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Products Liability

Enforcement of manufacturers'' legal accountability to consumers helps make products safer and better for all of us. With the influx of questionable products from Chinese manufacturers, the difficulty and complexity of products liability lawsuits has grown.  Merely finding and serving papers upon the Chinese manufacturer of a product purchased at Wal-Mart is quite difficult.

That's just one of the many reasons it is crucial to select a products liability trial lawyer who is experienced in all aspects of litigation. Ken Shigley has years of experience in products liability litigation, and he wrote the legislation to make international service of process a little easier in civil cases in Georgia courts.

Under Georgia law, a manufacturer may be liable for injury or death caused by a defective product under three separate legal theories.

Negligence. A manufacturer may be liable for injury or death caused by failure to exercise ordinary care in any of several ways, including the following:

  • Negligent design.
  • Failure to adequately test and inspect.
  • Failure to provide adequate instructions, warnings and labels.
  • Failure to issue an adequate recall notice.
  • Strict Liability. If a product is defective, the manufacturer may be held liable for resulting injury or damage, even without proof of negligence.

Strict Liability. The manufacturer of any personal property sold as new property directly or through a dealer or any other person shall be liable in tort, irrespective of privity, to any natural person who may use, consume, or reasonably be affected by the property and who suffers injury to his person or property because the property when sold by the manufacturer was not merchantable and reasonably suited to the use intended, and its condition when sold is the proximate cause of the injury sustained.

Products liability suits, except for post-sale failure to warn of a hazard, must be filed within ten years from the date of the first sale for use or consumption of the product.

Georgia law generally protects sellers who are not actual manufacturers from liability under the strict liability doctrine.

Implied Warranties. The Uniform Commercial Code establishes contract-based grounds for products liability which are recognized in Georgia.

  • Implied warranty of merchantability. The product must be fit for purposes intended by the seller.
  • Implied warranty of fitness for a particular purpose. The product must be fit for the buyer's intended use which was known to the seller.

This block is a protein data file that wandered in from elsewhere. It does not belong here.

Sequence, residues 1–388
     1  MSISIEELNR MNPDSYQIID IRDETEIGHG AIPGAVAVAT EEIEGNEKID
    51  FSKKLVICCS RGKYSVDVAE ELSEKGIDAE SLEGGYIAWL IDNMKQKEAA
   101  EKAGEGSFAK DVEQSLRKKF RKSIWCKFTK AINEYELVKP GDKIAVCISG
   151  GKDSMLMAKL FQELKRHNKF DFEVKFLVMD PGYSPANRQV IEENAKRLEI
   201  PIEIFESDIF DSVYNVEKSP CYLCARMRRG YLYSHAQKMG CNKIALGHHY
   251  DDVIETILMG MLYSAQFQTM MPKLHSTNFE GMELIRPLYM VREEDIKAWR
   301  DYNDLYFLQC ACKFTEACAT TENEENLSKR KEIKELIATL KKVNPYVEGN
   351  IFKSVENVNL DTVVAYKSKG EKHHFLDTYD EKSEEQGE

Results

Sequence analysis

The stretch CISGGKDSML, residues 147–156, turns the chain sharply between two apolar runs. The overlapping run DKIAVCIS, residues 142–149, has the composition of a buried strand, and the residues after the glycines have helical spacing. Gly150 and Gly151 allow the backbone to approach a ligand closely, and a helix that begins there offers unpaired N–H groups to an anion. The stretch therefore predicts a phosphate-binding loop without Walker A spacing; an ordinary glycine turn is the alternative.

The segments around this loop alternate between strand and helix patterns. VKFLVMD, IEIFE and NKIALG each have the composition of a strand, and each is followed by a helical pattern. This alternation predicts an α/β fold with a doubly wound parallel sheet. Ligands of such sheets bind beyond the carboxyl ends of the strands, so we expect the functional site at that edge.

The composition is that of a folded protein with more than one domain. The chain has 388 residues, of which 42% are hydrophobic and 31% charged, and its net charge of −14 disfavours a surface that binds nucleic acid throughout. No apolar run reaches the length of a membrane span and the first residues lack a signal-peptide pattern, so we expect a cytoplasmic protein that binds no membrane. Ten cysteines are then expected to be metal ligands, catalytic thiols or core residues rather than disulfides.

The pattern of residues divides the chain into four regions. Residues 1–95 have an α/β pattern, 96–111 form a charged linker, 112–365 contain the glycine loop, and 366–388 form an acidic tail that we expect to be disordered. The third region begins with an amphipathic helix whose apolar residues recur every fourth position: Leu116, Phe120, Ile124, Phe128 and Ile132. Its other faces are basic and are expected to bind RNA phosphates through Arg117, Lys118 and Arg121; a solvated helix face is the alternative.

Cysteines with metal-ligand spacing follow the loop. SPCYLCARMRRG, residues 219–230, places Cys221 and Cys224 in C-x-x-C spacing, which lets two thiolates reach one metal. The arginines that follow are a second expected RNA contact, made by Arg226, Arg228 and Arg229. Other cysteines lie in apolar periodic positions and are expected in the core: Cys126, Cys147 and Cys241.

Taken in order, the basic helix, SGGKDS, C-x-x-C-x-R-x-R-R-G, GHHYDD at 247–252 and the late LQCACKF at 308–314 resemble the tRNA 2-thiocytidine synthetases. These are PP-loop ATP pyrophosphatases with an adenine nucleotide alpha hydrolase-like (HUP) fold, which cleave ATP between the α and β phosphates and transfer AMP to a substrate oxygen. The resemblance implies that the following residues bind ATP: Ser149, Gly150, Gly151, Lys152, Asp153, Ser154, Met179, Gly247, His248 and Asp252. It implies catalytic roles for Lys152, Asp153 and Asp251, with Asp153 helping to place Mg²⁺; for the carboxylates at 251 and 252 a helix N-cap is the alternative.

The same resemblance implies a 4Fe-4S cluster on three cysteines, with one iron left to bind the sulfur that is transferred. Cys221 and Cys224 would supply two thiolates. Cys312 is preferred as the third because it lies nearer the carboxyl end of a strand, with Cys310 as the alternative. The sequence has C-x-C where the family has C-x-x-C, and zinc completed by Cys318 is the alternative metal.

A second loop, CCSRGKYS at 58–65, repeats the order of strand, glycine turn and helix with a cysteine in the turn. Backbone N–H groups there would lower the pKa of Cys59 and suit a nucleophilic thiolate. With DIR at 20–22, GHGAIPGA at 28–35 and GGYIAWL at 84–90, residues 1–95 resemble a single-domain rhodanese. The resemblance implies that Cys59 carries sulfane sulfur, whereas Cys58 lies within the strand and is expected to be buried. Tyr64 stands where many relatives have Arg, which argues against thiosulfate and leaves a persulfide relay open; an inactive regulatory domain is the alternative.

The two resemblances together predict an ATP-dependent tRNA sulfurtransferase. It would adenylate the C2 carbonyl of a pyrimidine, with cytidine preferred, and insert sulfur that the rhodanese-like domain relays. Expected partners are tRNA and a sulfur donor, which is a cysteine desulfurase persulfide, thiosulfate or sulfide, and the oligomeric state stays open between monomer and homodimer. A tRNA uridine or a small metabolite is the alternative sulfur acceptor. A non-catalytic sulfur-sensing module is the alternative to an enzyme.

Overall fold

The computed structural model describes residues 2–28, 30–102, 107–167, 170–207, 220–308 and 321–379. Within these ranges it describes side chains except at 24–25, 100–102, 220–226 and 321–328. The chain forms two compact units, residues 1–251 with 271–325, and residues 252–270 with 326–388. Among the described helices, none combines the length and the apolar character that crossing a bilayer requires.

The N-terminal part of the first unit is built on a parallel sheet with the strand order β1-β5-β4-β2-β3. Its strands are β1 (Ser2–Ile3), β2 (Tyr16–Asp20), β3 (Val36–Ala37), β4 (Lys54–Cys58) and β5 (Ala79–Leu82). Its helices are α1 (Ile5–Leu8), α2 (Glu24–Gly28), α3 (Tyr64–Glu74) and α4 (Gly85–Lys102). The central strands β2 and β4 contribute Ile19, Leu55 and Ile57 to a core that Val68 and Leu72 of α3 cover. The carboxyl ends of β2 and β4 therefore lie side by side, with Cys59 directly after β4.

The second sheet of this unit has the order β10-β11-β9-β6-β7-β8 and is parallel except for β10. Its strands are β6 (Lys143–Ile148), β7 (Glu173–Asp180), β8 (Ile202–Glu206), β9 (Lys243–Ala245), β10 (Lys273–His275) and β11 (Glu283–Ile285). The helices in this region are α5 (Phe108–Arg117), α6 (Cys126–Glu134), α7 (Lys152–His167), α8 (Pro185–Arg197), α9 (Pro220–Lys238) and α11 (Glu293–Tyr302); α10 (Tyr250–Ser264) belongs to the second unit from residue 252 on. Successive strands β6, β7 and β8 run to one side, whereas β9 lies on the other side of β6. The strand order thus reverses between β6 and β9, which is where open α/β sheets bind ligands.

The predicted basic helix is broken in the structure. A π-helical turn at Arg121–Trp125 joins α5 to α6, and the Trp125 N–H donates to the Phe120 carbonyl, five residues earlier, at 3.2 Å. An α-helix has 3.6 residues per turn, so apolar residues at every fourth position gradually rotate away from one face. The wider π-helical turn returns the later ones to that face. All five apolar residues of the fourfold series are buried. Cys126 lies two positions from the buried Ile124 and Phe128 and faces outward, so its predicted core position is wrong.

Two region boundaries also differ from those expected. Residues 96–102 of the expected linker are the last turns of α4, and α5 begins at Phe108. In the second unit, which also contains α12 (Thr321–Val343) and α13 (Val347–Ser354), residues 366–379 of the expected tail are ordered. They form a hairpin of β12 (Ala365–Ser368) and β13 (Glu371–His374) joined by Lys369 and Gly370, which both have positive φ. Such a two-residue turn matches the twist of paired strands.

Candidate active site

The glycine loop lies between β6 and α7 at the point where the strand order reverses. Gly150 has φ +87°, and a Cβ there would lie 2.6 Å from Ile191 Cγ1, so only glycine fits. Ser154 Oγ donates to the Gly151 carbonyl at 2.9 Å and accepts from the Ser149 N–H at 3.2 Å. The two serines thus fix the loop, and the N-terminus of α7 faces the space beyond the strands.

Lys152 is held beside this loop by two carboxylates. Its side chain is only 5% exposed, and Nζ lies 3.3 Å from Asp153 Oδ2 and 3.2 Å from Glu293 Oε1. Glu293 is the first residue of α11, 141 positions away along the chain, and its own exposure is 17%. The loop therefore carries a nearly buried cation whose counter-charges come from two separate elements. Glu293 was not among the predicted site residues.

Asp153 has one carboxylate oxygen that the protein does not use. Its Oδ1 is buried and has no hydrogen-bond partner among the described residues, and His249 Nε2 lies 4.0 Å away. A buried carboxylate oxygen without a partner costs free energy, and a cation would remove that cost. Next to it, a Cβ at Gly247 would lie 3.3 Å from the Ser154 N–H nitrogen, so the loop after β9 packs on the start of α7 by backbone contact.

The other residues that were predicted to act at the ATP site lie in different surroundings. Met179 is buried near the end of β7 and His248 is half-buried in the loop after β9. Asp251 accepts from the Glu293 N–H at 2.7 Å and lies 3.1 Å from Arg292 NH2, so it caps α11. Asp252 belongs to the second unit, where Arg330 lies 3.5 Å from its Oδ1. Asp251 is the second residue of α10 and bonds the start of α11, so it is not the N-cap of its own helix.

In Georgia, "privity of contract" is required for recovery under implied warranty theories. Only the buyer or a member of her household can recover. The employee of a corporate buyer cannot recover under an implied warranty theory in Georgia.

Wrongful death claims cannot be based on the breach of an implied warranty in Georgia, though there can be recovery for personal injury not resulting in death. This is due to an anomaly in the nineteenth century wording of the Georgia wrongful death statute. However, wrongful death claims may be based upon a strict liability theory.

Fair Business Practices Act.  Occasionally a defective product case also involves unfair or deceptive acts and practices on the part of the seller in violation of the Georgia Fair Business Practices Act, which includes a provision for triple damages, punitive damages and attorney fees.  While rarely invoked in this context, the language of the statute allows its use in personal injury and wrongful death cases. Ken Shigley represented the plaintiff in the first known products liability wrongful death case case in which a wrongful death claim was brought under the Fair Business Practices Act by classifying a negligently designed and defective forklift truck attachment as an "office supply."

A major portion of this firm's practice over the past decade has been focused on products liability matters, ranging from tires to forklifts, and from SUV rollover, roof crush and seatbelt issues, to a wide variety of industrial equipment.

Client Reviews
"Goes above and beyond and is a mountain of knowledge on spine and brain injuries. He does his research and represents you with a level of excellence. Remains a friend after representing me." Dee M., Woodstock, GA
"I have collaborated with Mr. Shigley on several initiatives within Georgia’s Judiciary over the past few years and found him to be a persistent and attentive individual. Ken has taken great pride in his involvement with the projects that I have worked on and he is good at influencing success. Despite his hectic schedule, Ken has always made time to discuss, research and review ideas for the best way to accomplish goals. I look forward to a continued working relationship in this and future roles." Jorge B., CIO, Judicial Council of Georgia
"After having to have a hole drilled in an automobile part at a machine shop 10 years ago, I told my uncle I could have done that. My uncle replied, "You are doing this once these guys do it every day" That simply means if you don't know where to turn, get help and get an expert. Ken was that help when I was severely injured during a fatal accident. Ken and his team at Shigley Law are experts, and are here to help you during your crisis. Ken will be there during the injury, recovery, and trial. He and his firm will work hard to see that you are represented fairly!" Jeremy R.
"Ken is a very kind man. He has a wealth of knowledge and is going above and beyond to help us while representing our case." Candy F., spouse of catastrophic injury client, Plains, GA
"I know Ken as trial lawyer of highest standards. Ken is knowledgeable and innovative and that translates to success in the courtroom. He is outgoing, compassionate and personable which makes him a pleasure to work with in any setting." Eric B., Attorney, Canton, GA